Back to the story. Since it’s summertime, our cozy New England campus is full of multicolored flowers, babbling brooks, warm sunshine, and peace and quiet. So quiet that my department head and best friend, Martin Anderson, Professor of Theatre Management, decided to transform our college theatre into a professional summer stock venue for the tryout of a new Sherlock Holmes Broadway bound musical. True to Martin’s nature, he also took on a role in the play, Langdale Pike (society informer).
Martin, short, thin, bald, and somewhere between seventy and six-feet-under, stood downstage center (meaning closest to the audience for you non-thespians) in his Victorian gray suit. “Nicky, do you think I should act more like a gossip in the opening number?”
“You couldn’t act more like a gossip if twenty closet-gay actors from Hollywood left their beards and asked you for advice on whom to date,” Martin’s husband said sitting third row house left.
I’ll explain. Though Martin is a terrific department head and professor, his brainstorms generally end up as headaches for Martin’s long suffering spouse, Ruben Markinson, who Martin convinced to be our show’s producer. To raise needed funds for this venture, Ruben, the CEO of a gay rights organization, interviewed Broadway chorus boys about their peccadilloes, and then hit up anti-gay Republican legislators to buy shares of the show (and their silence). Next, we held auditions in New York City and found our cast. When our budget had been spent, Ruben (having been bitten by the acting bug in our previous capers) agreed to be understudy for one of the characters in the show, Porky Johnson (agent in the criminal underworld). The rest of the understudies (including yours truly understudying Sherlock Holmes), as well as the ensemble, designers, and technical crews, all came from our college population (including the kids whose parents didn’t want them loafing around at home over the summer).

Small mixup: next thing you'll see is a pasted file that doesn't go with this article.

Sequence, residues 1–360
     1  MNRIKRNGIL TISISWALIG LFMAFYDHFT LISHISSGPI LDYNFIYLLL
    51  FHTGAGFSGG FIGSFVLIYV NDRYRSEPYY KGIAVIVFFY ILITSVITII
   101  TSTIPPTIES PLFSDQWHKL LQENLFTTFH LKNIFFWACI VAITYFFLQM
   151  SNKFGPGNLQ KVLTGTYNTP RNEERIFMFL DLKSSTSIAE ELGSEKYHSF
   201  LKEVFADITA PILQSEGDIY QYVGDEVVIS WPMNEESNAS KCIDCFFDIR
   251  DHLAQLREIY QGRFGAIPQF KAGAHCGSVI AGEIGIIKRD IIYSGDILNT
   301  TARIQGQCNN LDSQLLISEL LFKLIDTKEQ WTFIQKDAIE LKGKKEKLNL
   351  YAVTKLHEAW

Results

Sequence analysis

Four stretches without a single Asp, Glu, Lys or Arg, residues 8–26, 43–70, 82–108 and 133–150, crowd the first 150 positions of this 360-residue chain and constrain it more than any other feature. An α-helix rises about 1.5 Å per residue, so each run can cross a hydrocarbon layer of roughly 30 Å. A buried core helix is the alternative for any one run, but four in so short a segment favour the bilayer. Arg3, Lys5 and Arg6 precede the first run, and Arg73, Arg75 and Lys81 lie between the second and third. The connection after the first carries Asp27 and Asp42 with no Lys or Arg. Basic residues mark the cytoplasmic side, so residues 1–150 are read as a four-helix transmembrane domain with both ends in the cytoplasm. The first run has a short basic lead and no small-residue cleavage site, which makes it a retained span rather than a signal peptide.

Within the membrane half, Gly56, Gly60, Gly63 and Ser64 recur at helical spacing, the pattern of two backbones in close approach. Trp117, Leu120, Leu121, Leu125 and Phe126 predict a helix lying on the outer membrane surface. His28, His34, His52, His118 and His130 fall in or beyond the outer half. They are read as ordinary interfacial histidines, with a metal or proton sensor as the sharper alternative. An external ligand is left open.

Like all of us who love Martin, Ruben is well aware of Martin’s “inquisitive” nature. Ruben called out to his husband, “Martin, you and gossip go together like an HMO customer service representative and the words, ‘not covered.’”
“No comments from the peanut gallery,” Martin replied from the stage.
Ruben glared over the laptop on his knees. “Don’t make me fire you, Martin.”
“You try and I’ll bring you up on charges with Equity.”
“Touché, Martin.” Ruben blew him a mime kiss.
Martin caught it and placed it against his heart.
The true sanctity of marriage.